Article by Dr Laufer on Eating Disorders – Mishpacha magazine
Dr. Tzofia Laufer, the Deputy Director of the Eating Disorders Department at Mayanei Hayeshua, has issued a stark warning: “Someone in your close vicinity could be suffering from an eating disorder.”
According to Dr Laufer, a psychiatrist specializing in eating disorders, there is a common misconception that eating disorders only happen in a culture that worships the physical image, and that this disorder only affects women. “No one is immune to the disorder, and proportionately, the number of cases of eating disorders in the ultra-Orthodox community is the same as in secular society. Although eating disorders usually reach their peak during adolescence, they can also affect younger children. Eating disorders are not simply about diet, eating and weight, but are associated with mental disorder such as depression and anxiety.”
The most common – and most life-threatening – eating disorder is anorexia, which is characterized by significant weight loss together with an obsessive fear of weight gain. In the absence of proper treatment, anorexic patients can reach a state of severe malnutrition. Tell-tale signs include compulsive behavior around eating, such as over-lengthy meals, not eating next to family members, avoiding eating at the Shabbat table, isolation, mood swings, and eating only diet foods.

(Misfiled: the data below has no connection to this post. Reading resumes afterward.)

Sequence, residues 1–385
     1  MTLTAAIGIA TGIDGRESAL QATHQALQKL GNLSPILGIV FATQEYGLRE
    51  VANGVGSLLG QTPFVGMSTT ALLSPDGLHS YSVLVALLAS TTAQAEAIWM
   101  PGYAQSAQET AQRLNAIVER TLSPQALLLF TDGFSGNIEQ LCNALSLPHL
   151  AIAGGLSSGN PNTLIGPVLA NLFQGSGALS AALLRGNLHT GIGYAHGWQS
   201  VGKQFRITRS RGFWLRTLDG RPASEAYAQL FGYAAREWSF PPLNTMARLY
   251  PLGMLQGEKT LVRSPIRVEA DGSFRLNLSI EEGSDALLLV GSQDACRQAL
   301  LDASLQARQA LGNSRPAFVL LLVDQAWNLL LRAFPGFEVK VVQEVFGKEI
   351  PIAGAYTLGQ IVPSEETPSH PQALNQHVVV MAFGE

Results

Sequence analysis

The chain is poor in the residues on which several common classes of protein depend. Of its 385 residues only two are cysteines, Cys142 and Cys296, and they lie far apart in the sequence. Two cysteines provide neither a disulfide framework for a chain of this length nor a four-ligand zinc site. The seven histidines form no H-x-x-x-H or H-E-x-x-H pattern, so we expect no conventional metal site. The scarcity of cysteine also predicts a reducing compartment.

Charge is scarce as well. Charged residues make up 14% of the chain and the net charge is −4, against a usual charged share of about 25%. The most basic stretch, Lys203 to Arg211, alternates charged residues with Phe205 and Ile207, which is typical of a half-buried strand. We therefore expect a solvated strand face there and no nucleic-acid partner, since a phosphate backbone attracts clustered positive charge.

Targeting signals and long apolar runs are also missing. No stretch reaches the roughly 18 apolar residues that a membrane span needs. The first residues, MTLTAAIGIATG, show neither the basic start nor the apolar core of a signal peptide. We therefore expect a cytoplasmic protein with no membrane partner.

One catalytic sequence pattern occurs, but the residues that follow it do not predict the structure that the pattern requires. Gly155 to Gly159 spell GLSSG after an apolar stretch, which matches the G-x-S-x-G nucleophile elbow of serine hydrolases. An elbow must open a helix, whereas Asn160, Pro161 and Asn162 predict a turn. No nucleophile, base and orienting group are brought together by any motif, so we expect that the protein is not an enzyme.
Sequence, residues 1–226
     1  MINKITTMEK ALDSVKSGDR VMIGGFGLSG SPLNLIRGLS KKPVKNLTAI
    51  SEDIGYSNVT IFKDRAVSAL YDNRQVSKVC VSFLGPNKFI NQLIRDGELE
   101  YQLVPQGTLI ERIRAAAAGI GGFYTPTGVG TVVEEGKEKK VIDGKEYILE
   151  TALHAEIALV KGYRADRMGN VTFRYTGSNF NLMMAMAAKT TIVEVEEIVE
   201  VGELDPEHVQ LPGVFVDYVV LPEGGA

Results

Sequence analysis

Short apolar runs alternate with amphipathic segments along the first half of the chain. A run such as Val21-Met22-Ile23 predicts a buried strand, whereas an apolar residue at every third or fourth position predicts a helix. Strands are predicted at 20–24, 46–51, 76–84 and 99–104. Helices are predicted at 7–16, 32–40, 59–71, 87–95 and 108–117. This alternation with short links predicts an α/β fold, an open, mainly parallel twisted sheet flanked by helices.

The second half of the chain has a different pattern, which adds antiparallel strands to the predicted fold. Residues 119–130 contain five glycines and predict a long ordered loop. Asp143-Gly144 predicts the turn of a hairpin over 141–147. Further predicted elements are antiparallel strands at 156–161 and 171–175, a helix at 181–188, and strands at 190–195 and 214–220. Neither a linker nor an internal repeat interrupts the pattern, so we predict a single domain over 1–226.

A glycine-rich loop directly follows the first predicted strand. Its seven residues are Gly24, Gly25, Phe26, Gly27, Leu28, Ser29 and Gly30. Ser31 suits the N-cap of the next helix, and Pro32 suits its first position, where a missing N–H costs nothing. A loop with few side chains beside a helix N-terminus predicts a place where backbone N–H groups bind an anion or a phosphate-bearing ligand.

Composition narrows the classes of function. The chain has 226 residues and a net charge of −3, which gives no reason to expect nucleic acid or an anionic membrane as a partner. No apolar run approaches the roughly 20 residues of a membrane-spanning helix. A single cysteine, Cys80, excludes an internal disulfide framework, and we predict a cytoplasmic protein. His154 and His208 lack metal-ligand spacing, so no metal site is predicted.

In the past, as Dr. Laufer acknowledges, parents of children with eating disorders within ultra-Orthodox families would forego treatment because the road to recovery involved hospitalization in places that were antithetical to an ultra-Orthodox lifestyle. At Mayanei Hayeshua, there is a completely separate hospital ward for eating disorders, and treatment can proceed with no such fears.
Dr Laufer urges parents and teachers to watch out for functional changes among male and female youngsters, and signs of obsessiveness around weight. “Parents must be encouraged and supported to seek professional help for their children. My message is clear: Keep an eye on your family members, and keep track of changes in their eating patterns, especially among young people.”